Go to Content Go to Navigation Go to Navigation Go to Site Search Homepage

Like condoms, dental dams are an easy and effective barrier method of STD protection during oral sex, but unlike condoms they are a bit of a mystery for some. The thing is, these misunderstood pieces of latex can protect you from herpes, gonorrhea, syphilis and hepatitis so they’re pretty dam important. If you’re wondering what the heck a dental dam is or how they’re used, read on to learn more.


Misconception #1: You’ve never seen or used one. Whether you know it or not, you probably have. Dental dams are the latex rectangles dentists use to isolate teeth during dental procedures (fun fact of the day). The dental dams specifically used for STD protection are thinner than the ones dentists use, but they’re otherwise the same.

Misconception #2: They’re complicated. In fact, dental dams are anything but. You simply place the dental dam over the vulva or anus before performing oral sex. You don’t need to pull or stretch the latex and you can even have your partner hold it in place.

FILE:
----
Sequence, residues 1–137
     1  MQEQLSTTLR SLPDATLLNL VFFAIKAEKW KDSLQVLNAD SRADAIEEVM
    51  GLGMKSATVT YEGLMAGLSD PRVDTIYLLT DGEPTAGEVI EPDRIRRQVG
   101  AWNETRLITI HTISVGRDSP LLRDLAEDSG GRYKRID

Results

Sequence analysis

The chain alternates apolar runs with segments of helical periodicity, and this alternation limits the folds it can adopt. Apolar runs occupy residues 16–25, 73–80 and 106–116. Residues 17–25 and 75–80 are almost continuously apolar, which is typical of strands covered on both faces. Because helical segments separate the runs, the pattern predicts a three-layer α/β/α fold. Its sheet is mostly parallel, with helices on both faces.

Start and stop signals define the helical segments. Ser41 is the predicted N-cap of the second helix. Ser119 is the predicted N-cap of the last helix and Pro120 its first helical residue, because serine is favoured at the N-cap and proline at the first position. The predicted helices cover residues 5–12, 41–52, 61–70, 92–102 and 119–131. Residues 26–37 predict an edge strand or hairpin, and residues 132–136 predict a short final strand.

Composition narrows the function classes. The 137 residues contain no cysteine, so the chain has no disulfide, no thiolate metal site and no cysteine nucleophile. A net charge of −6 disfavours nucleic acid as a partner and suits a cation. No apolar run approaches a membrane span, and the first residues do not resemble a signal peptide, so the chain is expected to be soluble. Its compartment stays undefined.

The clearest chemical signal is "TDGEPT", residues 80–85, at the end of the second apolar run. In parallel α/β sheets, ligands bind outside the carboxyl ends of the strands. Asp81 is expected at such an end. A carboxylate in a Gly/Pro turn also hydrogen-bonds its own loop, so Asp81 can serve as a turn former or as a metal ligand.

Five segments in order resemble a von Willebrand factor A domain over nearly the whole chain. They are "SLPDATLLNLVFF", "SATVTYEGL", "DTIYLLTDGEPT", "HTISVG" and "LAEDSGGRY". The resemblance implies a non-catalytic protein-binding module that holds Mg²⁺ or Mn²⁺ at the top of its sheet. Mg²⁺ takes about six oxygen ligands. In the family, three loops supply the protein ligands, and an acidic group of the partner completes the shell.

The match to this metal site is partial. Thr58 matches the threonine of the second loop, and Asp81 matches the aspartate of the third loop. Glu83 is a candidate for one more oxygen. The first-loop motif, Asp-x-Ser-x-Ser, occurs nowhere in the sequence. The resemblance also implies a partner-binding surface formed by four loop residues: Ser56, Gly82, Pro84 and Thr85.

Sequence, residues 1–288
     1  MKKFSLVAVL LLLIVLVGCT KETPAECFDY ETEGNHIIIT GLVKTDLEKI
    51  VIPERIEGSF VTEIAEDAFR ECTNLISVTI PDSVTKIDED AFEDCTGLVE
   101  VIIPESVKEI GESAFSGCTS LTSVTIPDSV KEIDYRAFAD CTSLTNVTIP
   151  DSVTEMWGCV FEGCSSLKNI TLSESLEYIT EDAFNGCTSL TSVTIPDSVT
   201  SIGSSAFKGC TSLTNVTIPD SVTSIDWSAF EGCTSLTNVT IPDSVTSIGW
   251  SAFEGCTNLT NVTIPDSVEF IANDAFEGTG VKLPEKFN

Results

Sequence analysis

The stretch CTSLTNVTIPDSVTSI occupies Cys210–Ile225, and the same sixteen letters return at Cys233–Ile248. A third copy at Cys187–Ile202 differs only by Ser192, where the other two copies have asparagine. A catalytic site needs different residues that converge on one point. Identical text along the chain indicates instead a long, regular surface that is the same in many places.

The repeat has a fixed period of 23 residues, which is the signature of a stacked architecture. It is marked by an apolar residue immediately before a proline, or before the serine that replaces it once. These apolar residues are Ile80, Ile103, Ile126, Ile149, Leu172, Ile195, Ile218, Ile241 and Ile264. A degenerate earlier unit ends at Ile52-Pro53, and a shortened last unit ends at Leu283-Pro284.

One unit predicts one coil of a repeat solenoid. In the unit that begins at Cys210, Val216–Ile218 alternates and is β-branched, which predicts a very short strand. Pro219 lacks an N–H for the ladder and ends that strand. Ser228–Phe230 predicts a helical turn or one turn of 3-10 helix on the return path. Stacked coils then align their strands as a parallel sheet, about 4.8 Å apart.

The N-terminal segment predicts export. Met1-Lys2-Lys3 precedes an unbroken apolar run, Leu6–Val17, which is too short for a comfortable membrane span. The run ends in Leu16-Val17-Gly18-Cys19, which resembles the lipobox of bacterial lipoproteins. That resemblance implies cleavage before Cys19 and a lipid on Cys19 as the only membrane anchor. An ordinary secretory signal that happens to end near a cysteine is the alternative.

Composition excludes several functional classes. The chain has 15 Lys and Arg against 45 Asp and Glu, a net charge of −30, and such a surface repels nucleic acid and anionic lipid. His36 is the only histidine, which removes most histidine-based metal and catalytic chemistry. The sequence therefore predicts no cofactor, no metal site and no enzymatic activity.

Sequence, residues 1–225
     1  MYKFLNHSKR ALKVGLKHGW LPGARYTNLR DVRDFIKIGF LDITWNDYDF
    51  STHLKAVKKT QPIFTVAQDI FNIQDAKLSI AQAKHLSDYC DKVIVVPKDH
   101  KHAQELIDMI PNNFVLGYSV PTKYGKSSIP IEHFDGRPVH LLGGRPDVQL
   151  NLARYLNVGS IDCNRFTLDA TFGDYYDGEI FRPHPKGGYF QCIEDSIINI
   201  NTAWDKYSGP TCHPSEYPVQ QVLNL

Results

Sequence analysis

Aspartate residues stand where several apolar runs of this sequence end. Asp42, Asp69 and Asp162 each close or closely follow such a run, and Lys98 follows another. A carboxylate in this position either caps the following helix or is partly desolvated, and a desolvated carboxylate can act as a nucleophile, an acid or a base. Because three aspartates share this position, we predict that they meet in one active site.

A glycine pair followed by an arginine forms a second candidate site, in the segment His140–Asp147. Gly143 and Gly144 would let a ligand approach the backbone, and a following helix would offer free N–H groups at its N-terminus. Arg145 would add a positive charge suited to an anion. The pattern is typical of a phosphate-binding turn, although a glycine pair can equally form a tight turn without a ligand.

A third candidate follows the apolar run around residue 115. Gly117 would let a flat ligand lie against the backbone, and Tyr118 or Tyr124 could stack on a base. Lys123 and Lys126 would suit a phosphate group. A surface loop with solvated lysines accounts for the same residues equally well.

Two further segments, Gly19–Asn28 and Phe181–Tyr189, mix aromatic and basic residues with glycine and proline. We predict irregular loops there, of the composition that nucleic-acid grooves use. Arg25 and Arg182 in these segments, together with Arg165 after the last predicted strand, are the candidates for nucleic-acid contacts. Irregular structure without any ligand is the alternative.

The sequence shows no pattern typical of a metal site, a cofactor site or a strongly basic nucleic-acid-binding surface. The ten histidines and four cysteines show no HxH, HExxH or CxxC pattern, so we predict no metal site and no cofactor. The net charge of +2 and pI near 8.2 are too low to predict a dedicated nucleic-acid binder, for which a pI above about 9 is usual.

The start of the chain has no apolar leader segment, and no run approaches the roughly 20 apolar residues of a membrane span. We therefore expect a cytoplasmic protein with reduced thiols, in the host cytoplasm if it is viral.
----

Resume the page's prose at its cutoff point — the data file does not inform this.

Misconception #3: They are for homosexual women only. This is definitely not the case. No matter your gender or sexual orientation, dental dams should be used when performing oral sex on the anus or vulva.

Misconception #4: If you don’t have one, you’re out of luck. There aren’t many STD protection tools we’d recommend you DIY, but in this case you can. Dental dams can be made out of condoms, rubber gloves and even non-porous plastic wrap.

Misconception #5: They kill the mood. The truth is, they don’t have to. In fact, there are ways to use dental dams to get in the mood if you’re creative.

Now that you know what dental dams are, we hope you’ll consider stocking up—they’re available at Planned Parenthood health centers and drugstores. Since dental dams offer protection when condoms don’t, an arsenal of two types of latex is better than one (if you need both of course)—and it means safer sex all around. Just to be clear, dental dams and condoms shouldn’t be used at the same time.

What dental dam misconceptions have you heard?


Sign up for our blog!

Monthly news, stories, and video